Such changes to the VWP have generally been supported by members of the U.S. travel industry and compliment security-tightening actions taken by the White House last November after terrorist attacks in Paris, France claimed 130 lives. An updated ETSA application with additional questions addressing exceptions for diplomatic and military-related travel is expected to be released in February 2016.

If you have any questions, please contact Evelyn Sahr (, 202-659-6622), Drew Derco (, 202-659-6665), or Reese Davidson (, 202-659-6633).


DOT has announced that it is exploring the feasibility of utilizing a negotiated rulemaking process to address future legal accommodations for air travelers with disabilities. Issues to be addressed include (1) access to inflight entertainment and supplemental medical oxygen; (2) the definition and accommodation of service animals on flights; (3) accessibility of lavatories on single-aisle aircraft; (4) seating accommodations; and (5) carrier reporting of disability service requests.

Following the announcement, more than 50 public comments were submitted to DOT, including several members of the aviation industry. Although consideration of the negotiated rulemaking process was generally supported, certain entities, such as the Airline Experience Association, specifically opposed the negotiated rulemaking process for the consideration of issues such as In-Flight entertainment for disabled passengers, due to its reliance on complex technology involving hardware and software content currently outside of the jurisdiction of the Department of Transportation. Additionally, the Los Angeles Airports Association protested the definition of service animals as established in the Air Carrier Access Act (ACAA) as too broad, thus opening the door for potential abuse.

Airlines 4 America requested that if the negotiated rulemaking process is to be convened, that the Department of Transportation publically provide all information required by the ACAA, including how moving forward with the process was determined to be in the public interest. Airlines 4 America also requested access to specific information used by the Department of Transportation to support its belief that a reasonable likelihood exists that consensus on all issues could be reached.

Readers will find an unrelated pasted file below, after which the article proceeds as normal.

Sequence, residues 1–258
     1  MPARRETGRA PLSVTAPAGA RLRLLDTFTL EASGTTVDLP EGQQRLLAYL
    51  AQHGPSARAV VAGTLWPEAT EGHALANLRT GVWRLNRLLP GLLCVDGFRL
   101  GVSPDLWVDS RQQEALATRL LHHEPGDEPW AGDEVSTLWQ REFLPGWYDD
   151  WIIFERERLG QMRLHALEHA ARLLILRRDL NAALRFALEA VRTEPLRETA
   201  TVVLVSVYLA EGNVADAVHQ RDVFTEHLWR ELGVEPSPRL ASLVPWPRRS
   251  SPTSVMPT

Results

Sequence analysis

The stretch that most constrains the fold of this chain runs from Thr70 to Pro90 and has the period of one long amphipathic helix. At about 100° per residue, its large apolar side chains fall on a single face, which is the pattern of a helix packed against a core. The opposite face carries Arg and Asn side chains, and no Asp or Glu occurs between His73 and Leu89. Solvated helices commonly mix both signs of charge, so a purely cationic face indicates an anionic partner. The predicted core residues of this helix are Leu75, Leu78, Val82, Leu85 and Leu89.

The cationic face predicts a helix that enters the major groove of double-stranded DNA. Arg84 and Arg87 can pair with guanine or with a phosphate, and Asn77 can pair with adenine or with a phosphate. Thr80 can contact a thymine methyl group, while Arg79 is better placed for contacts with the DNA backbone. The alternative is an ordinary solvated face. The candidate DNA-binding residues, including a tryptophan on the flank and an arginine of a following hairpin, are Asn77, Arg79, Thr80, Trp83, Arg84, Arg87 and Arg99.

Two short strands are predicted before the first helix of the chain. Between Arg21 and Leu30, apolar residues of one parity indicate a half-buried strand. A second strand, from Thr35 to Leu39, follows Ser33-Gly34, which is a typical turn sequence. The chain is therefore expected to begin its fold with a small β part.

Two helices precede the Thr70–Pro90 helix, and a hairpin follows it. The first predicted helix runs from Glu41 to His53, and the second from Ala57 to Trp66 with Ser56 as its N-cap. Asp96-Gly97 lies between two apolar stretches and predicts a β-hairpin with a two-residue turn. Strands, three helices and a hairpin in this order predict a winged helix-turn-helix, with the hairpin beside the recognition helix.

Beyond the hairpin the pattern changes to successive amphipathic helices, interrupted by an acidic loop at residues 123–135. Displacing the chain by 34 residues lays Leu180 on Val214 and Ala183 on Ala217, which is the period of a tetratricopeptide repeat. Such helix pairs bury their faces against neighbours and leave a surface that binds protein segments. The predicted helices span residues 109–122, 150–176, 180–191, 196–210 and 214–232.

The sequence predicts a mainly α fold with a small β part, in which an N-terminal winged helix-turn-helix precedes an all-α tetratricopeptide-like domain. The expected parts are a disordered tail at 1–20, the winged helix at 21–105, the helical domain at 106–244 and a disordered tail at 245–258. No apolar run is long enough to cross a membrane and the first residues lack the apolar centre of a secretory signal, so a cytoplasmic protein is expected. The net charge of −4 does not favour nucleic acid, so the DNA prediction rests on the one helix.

Similarly, Delta Airlines raised concerns for the Department’s ability to reach consensus for issues including the provision of inflight medical oxygen, inflight entertainment, accessible lavatories on single-aisle aircraft, disability assistance request time monitoring and seating accommodations. However, Delta did believe that the definition and accommodation of service animals would be amenable to the negotiated rulemaking process.

The International Air Transport Association agreed with Delta’s positions, although it added an additional request for the Department to consider potential abuses of current requirements to provide passengers with wheelchairs as a sixth issue as part of the Negotiated Rulemaking process.

We will continue to keep you updated on the negotiated rulemaking process. If you are interested in submitting a comment, or have concerns regarding the above, please let us know.

If you have any questions, please contact Evelyn Sahr (, 202-659-6622), Drew Derco (, 202-659-6665), or Reese Davidson (, 202-659-6633).